CAVANAUGH: Lisa, we have a caller on the line that has a question that I think you might be able to answer. Ian is on the line from Solana beach.
NEW SPEAKER: Good morning, Maureen. I have two questions. My wife, not so long ago, passed away from brain cancer. That's glioblastoma for the medical experts. It's the same thing that Ted Kennedy had. Anyway, I wanted to -- and she stipulated she wanted to have her organs donated. And so I ran around like a chicken with my head cut off, trying to donate her kidneys, heart, liver, skin, whatever else they would take. She was physically healthy, she was under 60, and the donation services refused to take her organs because they said that she'd had certain medication for her brain cancer. And yet the neurosurgeon who is one of the leading neurosurgeons, and even serviced as a researcher in a university, said that it would have no affect whatsoever on the viability of her organs.
CAVANAUGH: Ian, thank you, I've got it. We're just simply out of time. I think we understand what your question is. Thank you for call. Why would that be -- Lisa, why would these organs be denied?
STOCKS: That's a very simple question to a very complicated process. And I'll be very brief. To be ape deceased donor, so after you pass, you can donate your organs, the brains have to have completely died. When a person has died of something call would glioblastoma, there is great worry on the transplant recipient's side that a cancer could be transmitted. It's very rare. But it can happen. Of course, I don't know Ian's situation, and I'm so sorry about your wife. When a person becomes an organ donor after death, they have to have been on a ventilator, their brain has to have died, and they still have to be heart beating. So it's a really rare occurrence, which is why the work that Tammy wright does at sharp is so important because it takes some of those people off the list so that the people on the list have a better chance of getting transplanted.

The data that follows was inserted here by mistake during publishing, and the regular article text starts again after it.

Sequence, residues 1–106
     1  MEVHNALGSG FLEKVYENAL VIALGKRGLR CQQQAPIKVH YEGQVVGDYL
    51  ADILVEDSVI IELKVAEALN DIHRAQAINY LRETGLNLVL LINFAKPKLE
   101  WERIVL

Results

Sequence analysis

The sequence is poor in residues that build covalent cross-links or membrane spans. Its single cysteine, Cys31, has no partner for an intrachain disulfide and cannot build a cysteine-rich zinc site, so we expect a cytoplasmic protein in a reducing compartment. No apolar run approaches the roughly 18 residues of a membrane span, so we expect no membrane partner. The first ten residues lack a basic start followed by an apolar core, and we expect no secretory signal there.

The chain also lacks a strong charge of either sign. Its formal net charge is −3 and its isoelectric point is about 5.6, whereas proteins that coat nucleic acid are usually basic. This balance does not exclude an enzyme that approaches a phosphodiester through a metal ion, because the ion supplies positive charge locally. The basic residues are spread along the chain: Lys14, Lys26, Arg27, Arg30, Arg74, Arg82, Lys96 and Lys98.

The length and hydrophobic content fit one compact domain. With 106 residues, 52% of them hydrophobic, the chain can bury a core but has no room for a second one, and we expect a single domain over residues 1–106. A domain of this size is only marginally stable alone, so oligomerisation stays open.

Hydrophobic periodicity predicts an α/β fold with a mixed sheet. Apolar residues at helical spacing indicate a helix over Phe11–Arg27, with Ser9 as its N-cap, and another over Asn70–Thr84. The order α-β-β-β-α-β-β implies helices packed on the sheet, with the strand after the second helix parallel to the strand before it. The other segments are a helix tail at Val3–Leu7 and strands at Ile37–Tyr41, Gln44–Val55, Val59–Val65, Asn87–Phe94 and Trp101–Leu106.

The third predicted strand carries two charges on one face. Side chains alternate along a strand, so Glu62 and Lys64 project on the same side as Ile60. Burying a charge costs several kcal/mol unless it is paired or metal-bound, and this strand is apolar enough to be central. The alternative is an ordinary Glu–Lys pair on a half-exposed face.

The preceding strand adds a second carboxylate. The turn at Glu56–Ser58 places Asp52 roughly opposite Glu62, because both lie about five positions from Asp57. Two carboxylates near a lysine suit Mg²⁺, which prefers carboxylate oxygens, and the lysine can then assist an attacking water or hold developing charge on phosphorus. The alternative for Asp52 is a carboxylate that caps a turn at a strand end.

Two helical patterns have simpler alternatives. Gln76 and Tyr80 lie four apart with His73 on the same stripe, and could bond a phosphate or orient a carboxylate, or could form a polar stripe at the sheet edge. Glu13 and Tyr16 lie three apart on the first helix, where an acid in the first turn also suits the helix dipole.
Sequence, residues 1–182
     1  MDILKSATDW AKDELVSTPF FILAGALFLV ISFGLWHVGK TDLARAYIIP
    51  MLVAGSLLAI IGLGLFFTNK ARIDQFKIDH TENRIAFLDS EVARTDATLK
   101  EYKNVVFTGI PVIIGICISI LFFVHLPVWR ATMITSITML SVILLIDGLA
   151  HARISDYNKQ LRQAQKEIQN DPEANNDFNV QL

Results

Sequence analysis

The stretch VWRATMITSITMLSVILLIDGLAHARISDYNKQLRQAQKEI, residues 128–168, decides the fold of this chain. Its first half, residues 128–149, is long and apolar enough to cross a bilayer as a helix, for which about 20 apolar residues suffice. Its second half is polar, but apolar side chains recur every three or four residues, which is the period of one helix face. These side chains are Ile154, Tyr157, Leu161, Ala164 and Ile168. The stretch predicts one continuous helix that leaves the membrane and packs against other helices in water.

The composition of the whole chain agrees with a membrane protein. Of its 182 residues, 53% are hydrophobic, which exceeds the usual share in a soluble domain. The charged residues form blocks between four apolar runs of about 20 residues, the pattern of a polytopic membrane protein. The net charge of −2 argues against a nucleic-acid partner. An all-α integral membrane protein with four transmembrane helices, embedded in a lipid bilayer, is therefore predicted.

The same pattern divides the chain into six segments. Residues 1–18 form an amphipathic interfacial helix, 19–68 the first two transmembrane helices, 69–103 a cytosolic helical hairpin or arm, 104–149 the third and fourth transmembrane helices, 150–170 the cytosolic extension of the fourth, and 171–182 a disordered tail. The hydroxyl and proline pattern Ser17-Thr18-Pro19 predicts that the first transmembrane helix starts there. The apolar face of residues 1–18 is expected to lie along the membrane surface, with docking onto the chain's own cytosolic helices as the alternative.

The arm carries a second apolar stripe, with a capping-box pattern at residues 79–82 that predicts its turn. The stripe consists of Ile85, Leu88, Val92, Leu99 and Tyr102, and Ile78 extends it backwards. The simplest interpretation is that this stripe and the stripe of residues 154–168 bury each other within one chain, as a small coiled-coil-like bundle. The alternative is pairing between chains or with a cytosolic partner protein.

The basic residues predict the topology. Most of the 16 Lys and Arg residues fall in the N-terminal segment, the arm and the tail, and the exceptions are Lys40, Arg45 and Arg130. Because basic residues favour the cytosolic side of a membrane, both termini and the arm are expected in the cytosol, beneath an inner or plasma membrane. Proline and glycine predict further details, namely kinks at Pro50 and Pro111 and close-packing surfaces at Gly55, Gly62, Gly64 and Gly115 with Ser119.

CAVANAUGH: Tammy, how does receiving a kidney from a live donor improve the transplantation process for an organ recipient?
WRIGHT: As Lisa said, it decreases the amount of people that are waiting for a deceased organ. Also, living kidneys usually last longer than a kidney from a deceased person. So we're talking probably 15-20 years with a live donor kidney -- 10-15 with a deceased donor kidney. So it is great for a patient who is young, line Mustafa is in his early 20s. Hopefully this kidney is going to last him another 20 years. This is his best chance of having a normal life.
CAVANAUGH: Tammy, I think listening to Ian's story and his wife so altruistically, if one can use that word here, as she was dying wanted her organs transplanted. It didn't matter to her what it was. She wanted to donate. I think it's so frustrating when people hear that sort of thing, knowing how many people are waiting for organs. And I asked Lisa a while ago, she said you were the better one to ask for this. What is the life like of someone who is waiting to have, let's say, a kidney transplant?
WRIGHT: Most often they're on dialysis. You can have dialysis either through blood or through abdominal dialysis. So with the blood dialysis, they are hooked to a machine 3-4 hours three times a week. It usually makes them very tired. It's kind of like a roller coaster. One day they feel one day they don't. If they want to travel, they're going to have to figure out dialysis wherever they may be going. If it's the tummy dialysis, then that way they can do those things at home.
CAVANAUGH: Lisa, it seems that even though your organization donate life California has been formally focused on getting organs from people who are deceased, now you're starting with the idea that perhaps these chains of living donors isn't also a viable way to go. Tell us a little bit about how you're changing and adding that to your donation formula.